Varvàra Fern Paving the Way for International Students

A lot has changed since 2018, when a young Varvàra Fern (BFA ’22) entered the undergraduate sculpture program at PAFA and felt the culture shock from Moscow to North Broad Street in Philadelphia. “When I came to PAFA, I had so many problems I had to solve...With the student visa time here is pretty limited, so I think it’s very good to use the time we have in the most productive way.” Having completed her undergraduate studies this spring, she is returning to PAFA in the fall to pursue a Master of Fine Arts degree.

Varvàra was a trailblazer on her own behalf acclimating to an entirely new culture and the many tasks that are baked into the workload of a PAFA undergraduate. Determined to smooth the way for those who come after her, she then passed on her knowledge as an International Student Ambassador.

Varvàra found her ambassador position through PAFA’s Career Services, whose director, Greg Martino, could tell it would be a good fit for her. “I enjoy it way more than I thought,” she reflects. “It feels like I’m helping my younger self.” 

Among other opportunities, she has provided a leg up to other students with art calls and venues in which to showcase their work. “We try to think of ways to make it easier for international students to start their professional career,” says Varvàra, referring to her involvement in the 2022 show Once Upon a Place, which was made by and for PAFA’s international contingent. The theme centers on young artists who have chosen to leave their place of origin to expand their art, a fitting one for Varvàra. “We had different students from all parts of the world—from Korea, from China, from Belarus, another student from Russia, and so on—and we decided that the best focus for us would be our cultures and how unique they are,” she says. “This is also a reason why we decided to include artist statements in all our native languages.” In addition to their art, the exhibit also included domestic objects from each artist’s home country.

The show was run collaboratively, with participants even voting on which snacks to share at planning meetings. “We had to balance making all the students happy with their placement and at the same time making it look good,” Varvàra recalled.

Though arranged in a democratic manner, Once Upon a Place provided Varvàra with her first experience in a curatorial role. “It was very interesting because it was like seeing the process of other artists from the inside. I realized that curating is also a sort of art,” she reflected.

It was a good stepping stone to the presenting her capstone work at the Annual Student Exhibition (ASE), where the sculptor had full control over her exhibited works.

Varvàra learned some practical lessons during the course of ASE too, like how to make pedestals instead of purchase them—“It’s super expensive!”—the benefit of laser levels, and the importance of flexibility. “Even though you have the picture of what it should look like in your head, in real life it can look different,” she says. “I’m very critical of myself, so it was really hard not to kick myself all the time if something looked not the way I want.”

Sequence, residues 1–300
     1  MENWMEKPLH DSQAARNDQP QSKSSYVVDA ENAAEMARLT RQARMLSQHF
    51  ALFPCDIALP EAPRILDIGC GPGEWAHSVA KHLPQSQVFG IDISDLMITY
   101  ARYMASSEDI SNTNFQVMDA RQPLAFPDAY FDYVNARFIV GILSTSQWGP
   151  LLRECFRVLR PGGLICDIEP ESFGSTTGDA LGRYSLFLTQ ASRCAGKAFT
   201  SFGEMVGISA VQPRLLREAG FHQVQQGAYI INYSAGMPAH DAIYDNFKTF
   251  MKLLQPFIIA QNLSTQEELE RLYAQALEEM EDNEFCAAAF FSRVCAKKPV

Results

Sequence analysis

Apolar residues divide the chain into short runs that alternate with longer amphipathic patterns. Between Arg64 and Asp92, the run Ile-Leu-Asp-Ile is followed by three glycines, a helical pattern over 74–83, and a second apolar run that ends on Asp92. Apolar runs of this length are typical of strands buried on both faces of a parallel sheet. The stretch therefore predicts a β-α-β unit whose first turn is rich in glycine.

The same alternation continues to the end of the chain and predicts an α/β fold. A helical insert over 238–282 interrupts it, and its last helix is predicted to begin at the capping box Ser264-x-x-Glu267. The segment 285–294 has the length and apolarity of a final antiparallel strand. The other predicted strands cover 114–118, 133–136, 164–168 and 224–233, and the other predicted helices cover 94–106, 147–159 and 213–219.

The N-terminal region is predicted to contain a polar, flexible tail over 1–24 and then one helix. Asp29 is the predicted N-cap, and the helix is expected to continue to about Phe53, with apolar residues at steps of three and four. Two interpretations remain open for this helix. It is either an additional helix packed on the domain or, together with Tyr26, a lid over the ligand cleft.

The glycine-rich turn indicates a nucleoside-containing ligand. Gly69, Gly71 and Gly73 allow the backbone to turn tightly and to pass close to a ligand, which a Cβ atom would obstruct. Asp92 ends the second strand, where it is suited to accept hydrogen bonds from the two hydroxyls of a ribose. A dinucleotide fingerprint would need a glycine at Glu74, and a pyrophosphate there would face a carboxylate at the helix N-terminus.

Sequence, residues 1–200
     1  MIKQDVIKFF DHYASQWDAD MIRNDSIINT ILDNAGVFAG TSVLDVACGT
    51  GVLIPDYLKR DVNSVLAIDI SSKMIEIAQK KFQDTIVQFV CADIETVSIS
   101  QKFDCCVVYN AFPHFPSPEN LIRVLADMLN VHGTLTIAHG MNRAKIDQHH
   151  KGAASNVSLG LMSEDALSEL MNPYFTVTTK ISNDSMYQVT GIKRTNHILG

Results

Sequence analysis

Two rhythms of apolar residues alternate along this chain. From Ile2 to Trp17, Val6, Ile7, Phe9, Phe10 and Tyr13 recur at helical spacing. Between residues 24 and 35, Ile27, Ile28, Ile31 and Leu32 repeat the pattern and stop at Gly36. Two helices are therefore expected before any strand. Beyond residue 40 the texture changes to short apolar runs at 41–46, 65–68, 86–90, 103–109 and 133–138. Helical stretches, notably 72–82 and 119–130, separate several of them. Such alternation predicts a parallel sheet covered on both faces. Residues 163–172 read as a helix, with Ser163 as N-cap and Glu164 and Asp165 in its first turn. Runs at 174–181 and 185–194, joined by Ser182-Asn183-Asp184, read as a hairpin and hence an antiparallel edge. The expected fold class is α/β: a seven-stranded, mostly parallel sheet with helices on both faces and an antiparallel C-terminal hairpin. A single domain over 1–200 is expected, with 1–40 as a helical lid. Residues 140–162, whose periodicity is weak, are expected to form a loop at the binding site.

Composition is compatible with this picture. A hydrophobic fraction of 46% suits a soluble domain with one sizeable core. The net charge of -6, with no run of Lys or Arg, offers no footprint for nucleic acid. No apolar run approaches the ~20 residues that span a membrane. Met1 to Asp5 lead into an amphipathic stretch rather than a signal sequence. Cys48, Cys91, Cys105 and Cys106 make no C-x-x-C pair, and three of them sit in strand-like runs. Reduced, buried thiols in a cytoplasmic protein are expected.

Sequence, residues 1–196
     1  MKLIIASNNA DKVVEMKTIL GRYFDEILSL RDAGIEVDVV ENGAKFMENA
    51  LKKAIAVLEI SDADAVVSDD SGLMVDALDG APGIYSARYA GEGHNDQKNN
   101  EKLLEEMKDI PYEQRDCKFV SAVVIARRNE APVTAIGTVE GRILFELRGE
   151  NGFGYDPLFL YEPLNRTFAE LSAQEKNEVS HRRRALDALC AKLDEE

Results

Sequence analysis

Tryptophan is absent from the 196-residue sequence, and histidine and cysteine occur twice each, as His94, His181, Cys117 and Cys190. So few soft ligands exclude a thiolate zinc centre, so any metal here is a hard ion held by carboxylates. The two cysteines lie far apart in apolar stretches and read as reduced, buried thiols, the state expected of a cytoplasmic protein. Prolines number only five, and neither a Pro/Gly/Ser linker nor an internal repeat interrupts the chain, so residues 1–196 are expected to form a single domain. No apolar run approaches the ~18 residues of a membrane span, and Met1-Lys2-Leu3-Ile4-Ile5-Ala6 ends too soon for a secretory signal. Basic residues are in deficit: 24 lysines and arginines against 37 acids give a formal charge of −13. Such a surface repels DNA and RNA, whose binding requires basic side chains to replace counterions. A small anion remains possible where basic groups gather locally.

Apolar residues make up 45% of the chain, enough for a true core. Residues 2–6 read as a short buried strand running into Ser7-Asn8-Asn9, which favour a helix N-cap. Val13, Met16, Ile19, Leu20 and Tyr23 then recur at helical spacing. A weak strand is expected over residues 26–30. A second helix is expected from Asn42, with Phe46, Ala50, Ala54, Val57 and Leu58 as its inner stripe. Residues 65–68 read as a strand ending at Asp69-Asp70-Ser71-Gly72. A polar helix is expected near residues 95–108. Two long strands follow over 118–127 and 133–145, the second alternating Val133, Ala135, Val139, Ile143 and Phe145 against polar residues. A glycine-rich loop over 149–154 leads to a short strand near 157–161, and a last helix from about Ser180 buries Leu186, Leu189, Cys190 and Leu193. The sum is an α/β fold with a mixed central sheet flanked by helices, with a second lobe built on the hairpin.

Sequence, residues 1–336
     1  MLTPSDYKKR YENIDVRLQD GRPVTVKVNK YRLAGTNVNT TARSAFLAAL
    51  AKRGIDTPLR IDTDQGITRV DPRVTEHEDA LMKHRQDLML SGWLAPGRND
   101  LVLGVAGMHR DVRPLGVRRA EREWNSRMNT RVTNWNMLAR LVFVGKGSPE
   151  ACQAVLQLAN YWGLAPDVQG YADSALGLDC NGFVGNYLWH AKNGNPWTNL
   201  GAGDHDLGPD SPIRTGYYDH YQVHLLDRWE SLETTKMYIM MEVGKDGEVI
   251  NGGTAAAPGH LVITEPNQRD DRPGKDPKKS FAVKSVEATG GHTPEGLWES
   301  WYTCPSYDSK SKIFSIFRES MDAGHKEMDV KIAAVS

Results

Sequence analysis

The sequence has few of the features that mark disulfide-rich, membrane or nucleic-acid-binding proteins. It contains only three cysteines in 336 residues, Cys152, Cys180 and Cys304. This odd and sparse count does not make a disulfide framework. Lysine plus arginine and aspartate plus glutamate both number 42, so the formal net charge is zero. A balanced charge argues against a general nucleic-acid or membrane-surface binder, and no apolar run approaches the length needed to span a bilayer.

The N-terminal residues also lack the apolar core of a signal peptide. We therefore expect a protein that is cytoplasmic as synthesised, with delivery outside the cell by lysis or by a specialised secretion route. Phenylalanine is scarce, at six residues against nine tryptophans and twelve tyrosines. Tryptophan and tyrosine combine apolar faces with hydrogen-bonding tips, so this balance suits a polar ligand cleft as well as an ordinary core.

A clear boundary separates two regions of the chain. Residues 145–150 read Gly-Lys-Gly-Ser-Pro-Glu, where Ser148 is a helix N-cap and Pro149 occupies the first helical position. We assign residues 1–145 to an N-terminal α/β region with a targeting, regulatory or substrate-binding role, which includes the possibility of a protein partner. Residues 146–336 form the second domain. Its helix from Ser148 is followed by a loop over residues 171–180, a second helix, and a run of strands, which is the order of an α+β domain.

Varvàra’s thoughtful display at ASE included selections from her Travel Series. She credits the traveling she did as a child for much of her inspiration. In particular, she learned to find beauty in rural landscapes following a transformational trip to the U.S. She was also inspired by the photography of Mike Brody—the Polaroid Kid—who traveled by hopping trains. “I just got obsessed with this. That’s when I say I started sculpting travelers or rail tracks,” she says.

The weighty subjects of her travel series (pun intended, once her dream to work in bronze casting pans out) are tempered by one with a far more whimsical theme. “When I was a little girl, I had two English Bulldogs. I just adored them and they were probably my first source of inspiration.” She decided to harken back to this childhood endeavor when she needed something new to fit an art call. “I really enjoyed sculpting them and I just kept doing it.” Admittedly her yen to own a French Bulldog is helping to direct her focus on these subjects.

Both ends of her artistic spectrum have resonated with audiences, earning her PAFA awards including the Fine Arts Venture Fund, the Stewardson Award for Figure Modeling, and the Perez and Mary Epstein Prize for Sculpture, among others from the National Sculpture Society. “My dream is to continue to work in the U.S. after graduation, so these awards are important in that they may attract support from a sponsor or art gallery and allow me to apply for a creative person immigration status,” says Varvàra. Her dream is well on its way for now.

Wherever her path leads her next, her example will surely shine for PAFA’s international students as a way to make the most of the time.

—Diana Wensley, content writer

Varvàra Fern in mask adjusting art work on wall
Varvàra Fern prepares for the Annual Student Exhibition
Resin sculpture of figure walking along railroad tracks
"Step into the unknown"
Resin, acrylic paint
9.5 x 30 x 4.5”
Plaster sculpture of bulldog kicking up its legs
"Everybody dance now" (old plaster color)
Plaster, acrylic paint
6 x 5 x 4.5"
Varvàra Fern hugs a mass of plaster
Varvàra Fern in the studio

About PAFA

Founded in 1805, the Pennsylvania Academy of the Fine Arts is America's first school and museum of fine arts. A recipient of the National Medal of Arts, PAFA offers undergraduate and graduate programs in the fine arts, innovative exhibitions of historic and contemporary American art, and a world-class collection of American art. PAFA’s esteemed alumni include Mary Cassatt, Njideka Akunyili Crosby, Thomas Eakins, William Glackens, Barkley L. Hendricks, Violet Oakley, Louis Kahn, David Lynch, and Henry Ossawa Tanner.